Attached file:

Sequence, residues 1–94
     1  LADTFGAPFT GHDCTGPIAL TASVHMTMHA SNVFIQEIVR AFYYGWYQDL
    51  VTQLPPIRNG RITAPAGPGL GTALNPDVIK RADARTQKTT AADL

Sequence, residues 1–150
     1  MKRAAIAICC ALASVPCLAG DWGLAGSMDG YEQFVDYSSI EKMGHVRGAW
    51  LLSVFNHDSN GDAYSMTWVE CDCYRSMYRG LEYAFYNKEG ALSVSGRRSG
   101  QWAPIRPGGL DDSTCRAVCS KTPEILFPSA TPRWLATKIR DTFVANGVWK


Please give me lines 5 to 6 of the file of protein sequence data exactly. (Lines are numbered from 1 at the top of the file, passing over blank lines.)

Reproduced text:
     1  MKRAAIAICC ALASVPCLAG DWGLAGSMDG YEQFVDYSSI EKMGHVRGAW
    51  LLSVFNHDSN GDAYSMTWVE CDCYRSMYRG LEYAFYNKEG ALSVSGRRSG